The present study recorded seven families, 11 genera and 14 species of the order Hemiptera in the pond. The families were Corixidae, Gerridae, Aphididae, Mesoveliidae, Notonectidae, Nepidae and Belostomatidae. The species were Micronecta haliploides, Micronecta (Basileonecta) scutellaris scutellaris (Stl) (Corixidae); Neogerris parvula (Stl), Limnogonus nitidus (Mayr), Tenagogerris sp., Rhagadotarsus sp. (Gerridae); Enithares ciliata (Fabricius), Anisops lundbladiana Landsbury, (Notonectidae); Diplonychus rusticus (Fabricius), Diplonychus annulatus (Fabricius) (Belostomatidae); Ranatra elongata (Fabricius), Ranatra varipes varipes Stl (Nepidae); Mesovelia vittigera Horvath (Mesoveliidae); Rhopalosiphum nymphaeae (Linnaeus)(Aphididae). The highest population of Hemiptera was recorded in the post-monsoon followed by monsoon and pre-monsoon (Fig. 2). Since in winter, the quantity of water in the system is reduced and the peripheral area of the system dries up, the effluents released from the neighbouring factories may have affected the insect density.
The study revealed the presence of the highest number of families (7) in the post-monsoon and the lowest in winter (4). Among all the hemipteran families in all the seasons, the highest population of Hemiptera belonged to the family Notonectidae in the post monsoon and the same family dominated the community in all other seasons except during the monsoon, when Corixidae was the highest in number followed by Notonectidae. Across the seasons either of the two families dominated. This might be due to their ubiquity and abundance in temporary and permanent pools (Eitam et al. 2002). Further they are tolerant to chemical and biological stress and are typically capable of surviving in any permanent water. According to Wollmann (2001) the family Corixidae has been found to have an amazing ability to survive in polluted waters. Aphididae, although present throughout the year, were recorded in large numbers only in the post-monsoon season on the leaves of Nelumbo nucifera (Water Lotus). The population of Belostomatidae was the lowest in all the seasons except the post monsoon where it was replaced by Nepidae, recorded only in that season in very low numbers (Fig. 3).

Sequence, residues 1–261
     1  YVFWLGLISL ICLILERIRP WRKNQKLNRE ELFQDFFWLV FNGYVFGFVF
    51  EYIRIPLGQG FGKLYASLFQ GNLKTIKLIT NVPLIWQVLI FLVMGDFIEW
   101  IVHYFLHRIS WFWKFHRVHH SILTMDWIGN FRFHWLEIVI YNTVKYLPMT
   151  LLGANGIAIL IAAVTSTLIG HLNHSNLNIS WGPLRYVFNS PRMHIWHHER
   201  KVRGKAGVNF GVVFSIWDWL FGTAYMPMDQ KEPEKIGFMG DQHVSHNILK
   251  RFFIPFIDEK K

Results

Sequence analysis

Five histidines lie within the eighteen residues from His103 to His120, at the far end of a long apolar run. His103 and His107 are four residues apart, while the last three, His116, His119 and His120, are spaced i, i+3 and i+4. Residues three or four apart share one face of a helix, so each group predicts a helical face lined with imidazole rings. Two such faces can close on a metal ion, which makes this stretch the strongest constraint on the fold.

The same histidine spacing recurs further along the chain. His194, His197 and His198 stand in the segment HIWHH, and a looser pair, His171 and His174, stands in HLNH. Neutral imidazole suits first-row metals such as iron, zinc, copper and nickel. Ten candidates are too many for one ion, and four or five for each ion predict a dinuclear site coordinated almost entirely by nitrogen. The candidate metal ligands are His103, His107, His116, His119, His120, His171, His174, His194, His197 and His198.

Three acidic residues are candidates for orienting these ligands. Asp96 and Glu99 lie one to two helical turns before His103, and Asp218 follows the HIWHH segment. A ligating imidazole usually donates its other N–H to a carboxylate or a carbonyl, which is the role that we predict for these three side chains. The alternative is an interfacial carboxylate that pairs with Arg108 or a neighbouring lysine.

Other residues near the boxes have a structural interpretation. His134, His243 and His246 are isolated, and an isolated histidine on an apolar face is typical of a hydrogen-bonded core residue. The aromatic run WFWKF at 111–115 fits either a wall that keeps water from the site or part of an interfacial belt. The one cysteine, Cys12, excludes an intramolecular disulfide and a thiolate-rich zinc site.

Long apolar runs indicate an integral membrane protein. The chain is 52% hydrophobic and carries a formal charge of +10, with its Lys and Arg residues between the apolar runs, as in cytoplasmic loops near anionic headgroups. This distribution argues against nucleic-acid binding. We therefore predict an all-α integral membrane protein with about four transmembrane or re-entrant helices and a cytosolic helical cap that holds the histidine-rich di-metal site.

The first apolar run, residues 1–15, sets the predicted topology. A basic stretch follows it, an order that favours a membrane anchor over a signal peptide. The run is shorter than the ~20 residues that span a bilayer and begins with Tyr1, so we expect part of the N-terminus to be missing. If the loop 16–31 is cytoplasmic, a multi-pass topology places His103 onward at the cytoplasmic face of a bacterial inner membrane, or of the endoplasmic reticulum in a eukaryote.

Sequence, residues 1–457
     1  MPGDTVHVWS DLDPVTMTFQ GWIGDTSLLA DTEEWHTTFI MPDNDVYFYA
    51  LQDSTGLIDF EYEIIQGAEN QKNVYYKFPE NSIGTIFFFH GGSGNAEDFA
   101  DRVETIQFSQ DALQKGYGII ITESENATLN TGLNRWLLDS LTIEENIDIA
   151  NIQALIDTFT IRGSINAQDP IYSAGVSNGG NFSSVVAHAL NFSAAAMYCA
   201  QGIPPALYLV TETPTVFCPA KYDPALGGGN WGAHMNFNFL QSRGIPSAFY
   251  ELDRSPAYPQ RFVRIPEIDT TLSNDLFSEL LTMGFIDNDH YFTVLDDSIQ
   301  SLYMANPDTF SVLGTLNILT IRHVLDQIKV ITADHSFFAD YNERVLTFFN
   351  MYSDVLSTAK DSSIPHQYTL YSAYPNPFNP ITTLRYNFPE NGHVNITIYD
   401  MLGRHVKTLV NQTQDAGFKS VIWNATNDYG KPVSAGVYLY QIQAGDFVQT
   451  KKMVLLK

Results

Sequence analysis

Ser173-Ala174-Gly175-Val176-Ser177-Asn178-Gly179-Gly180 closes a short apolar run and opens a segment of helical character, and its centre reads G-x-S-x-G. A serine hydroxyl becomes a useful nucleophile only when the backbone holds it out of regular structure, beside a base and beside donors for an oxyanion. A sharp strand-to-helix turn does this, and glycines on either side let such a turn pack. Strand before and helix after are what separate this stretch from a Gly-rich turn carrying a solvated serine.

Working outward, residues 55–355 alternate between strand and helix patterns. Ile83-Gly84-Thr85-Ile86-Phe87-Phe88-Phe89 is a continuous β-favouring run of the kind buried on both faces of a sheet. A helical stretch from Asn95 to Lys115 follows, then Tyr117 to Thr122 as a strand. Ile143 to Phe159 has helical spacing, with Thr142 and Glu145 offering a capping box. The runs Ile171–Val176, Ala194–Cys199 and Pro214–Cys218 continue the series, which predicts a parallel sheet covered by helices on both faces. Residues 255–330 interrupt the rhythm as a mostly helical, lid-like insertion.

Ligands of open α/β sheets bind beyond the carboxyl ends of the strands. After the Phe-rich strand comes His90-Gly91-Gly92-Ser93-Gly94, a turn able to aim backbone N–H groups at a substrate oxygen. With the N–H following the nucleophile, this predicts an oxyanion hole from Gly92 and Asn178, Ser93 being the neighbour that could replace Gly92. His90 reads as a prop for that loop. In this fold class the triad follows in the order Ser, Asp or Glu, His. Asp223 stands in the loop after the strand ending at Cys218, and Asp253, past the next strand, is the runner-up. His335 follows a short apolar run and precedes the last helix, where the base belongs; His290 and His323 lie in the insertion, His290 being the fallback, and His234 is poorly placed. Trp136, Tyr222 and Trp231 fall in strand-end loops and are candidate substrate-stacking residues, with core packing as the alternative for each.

Ravera (2001) and Sandin & Johnson (2000) were of the view that diversity and biotic indices may be influenced by any stresses, including pollution. Ludwig & Reynolds (1988) opined that the total number of species and evenness are two distinct components of diversity. In the temple pond the highest number of species were recorded in the post-monsoon (14) followed by monsoon (10), pre-monsoon (9) and winter (7) ( Fig. 4). The study revealed that in all the seasons diversity index values ( H/ ) were always less than one and the highest Shannon Weiner (H/) diversity index was recorded in the post-monsoon. Highest evenness index (J/) and Berger Parker index of dominance was recorded in the pre-monsoon and winter, respectively (Table 1).
According to EngelmannÕs Scale (Engelmann 1978) the dominant species of the pond were Micronecta haliploides, Anisops lundbladiana Landsbury, Rhopalosiphum nymphaeae (Linnaeus) and Mesovelia vittigera Horvath followed by subdominant species Micronecta (Basileonecta) scutellaris scutellaris (Stl ), Neogerris parvula (Stl), and Rhagadotarsus sp. Others were recedent species i.e the value of their relative abundance was within the range 1.1–3.1. The number of dominant species in the pond was four out of 14 species of the same order (Table 2). A similar study made on a pond of Midnapore Town of West Bengal found only one dominant species out of 20 species of different orders (Jana et al. 2009).